Today is International Day Against Homophobia, Transphobia, and Biphobia and I am proud and delighted to take part in the Hop for Visibility, Awareness and Equality. I hope you’ll enjoy my post on the aftermath of the marriage equality referendum in Ireland and that you’ll enter my give-away at the bottom of this post.
If you want to know more about the Blog Hop and the numerous blogs participating in this fabulous initiative, please click on the link below this image:
As you may (or may not) know I live in Ireland. Today it is almost a year to the day since this little country I call home said yes to marriage equality in a referendum. With that in mind I decided this blog hop might be a good occasion to take a look at what happened after the result was announced.
I thought about it for a while and realised I couldn’t remember anything relating to the referendum result hitting the headlines since then. Yes, I’m fairly sure there was a report on the first same sex couple to tie the knot, but other than that, nothing sprang to mind.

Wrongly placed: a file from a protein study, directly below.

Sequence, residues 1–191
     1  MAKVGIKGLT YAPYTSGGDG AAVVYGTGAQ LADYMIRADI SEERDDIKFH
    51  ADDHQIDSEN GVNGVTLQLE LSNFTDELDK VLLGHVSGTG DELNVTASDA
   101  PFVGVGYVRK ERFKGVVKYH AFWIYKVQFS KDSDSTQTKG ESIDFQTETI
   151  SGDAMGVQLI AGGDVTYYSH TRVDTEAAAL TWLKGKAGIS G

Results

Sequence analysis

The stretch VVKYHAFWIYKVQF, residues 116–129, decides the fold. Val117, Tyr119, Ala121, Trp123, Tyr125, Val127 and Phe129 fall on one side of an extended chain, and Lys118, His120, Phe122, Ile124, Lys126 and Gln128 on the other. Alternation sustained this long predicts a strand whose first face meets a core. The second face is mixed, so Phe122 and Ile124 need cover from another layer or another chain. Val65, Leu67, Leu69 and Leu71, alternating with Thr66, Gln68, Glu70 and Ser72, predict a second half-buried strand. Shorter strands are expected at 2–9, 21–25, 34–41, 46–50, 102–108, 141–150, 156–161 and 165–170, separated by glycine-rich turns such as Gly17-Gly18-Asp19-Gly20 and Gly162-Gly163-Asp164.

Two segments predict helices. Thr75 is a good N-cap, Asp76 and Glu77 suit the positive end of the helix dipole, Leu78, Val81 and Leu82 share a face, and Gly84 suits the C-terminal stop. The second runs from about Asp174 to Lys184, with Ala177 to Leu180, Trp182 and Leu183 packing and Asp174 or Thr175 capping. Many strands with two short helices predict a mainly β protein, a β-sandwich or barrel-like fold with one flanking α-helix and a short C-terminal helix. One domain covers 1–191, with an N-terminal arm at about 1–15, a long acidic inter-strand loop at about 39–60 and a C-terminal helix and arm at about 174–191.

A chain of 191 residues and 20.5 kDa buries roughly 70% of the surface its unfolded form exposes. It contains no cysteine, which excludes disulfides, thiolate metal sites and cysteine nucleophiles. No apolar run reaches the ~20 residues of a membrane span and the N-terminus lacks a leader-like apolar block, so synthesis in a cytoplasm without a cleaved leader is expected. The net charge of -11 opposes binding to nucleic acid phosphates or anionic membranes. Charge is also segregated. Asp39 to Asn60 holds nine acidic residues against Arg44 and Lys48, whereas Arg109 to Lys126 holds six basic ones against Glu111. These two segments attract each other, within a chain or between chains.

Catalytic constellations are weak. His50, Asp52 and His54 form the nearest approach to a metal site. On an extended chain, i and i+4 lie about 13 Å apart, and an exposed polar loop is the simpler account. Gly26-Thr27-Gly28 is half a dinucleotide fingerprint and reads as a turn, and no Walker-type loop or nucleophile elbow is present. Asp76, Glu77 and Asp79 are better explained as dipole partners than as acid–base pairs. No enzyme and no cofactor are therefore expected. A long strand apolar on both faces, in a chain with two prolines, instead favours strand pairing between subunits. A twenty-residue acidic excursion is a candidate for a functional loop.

While I do try to stay in touch with current affairs I’m the first to admit that I don’t catch everything, so I took to Google and entered ‘Ireland after the marriage equality referendum’ and found no stories other than those relating to the day the result was announced. Just to be sure I also tried ‘Ireland, marriage equality referendum aftermath’, but the search result was the same.
As far as I can tell nothing changed. I mean, of course things changed for those in same sex relationships. They now have an option they never had before; they have reached a level of equality that is still a dream for too many people around the world. But there hasn’t been a backlash, there have been no cases of civil servants refusing a couple their marriage certificate because they happened to be the same sex, the priests stopped talking about the subject, and there has been no stalling on the part of politicians. The referendum was passed, the law was changed and gay and lesbian couples could and did get married.
And that is because equality really isn’t that complicated. All it means is that those who are human all have the same rights and the same obligations. Equality doesn’t take anything away from those who were privileged before; it ‘only’ gives to those who were disadvantaged. I will never understand what drives people to deny others the rights they themselves take for granted. A world in which all are equal is a world with less strife and conflict and therefore a better place for all. It really is that simple.
I’ll be gifting an e-copy of either ‘Strangers in the Night’ or ‘Scenes from Adelaide Road’ to one of those who comment below. This hop runs from May 17th to May 24th so to give anybody who wants to enter the opportunity to do so, I’ll randomly pick a winner on May 26th. Good luck J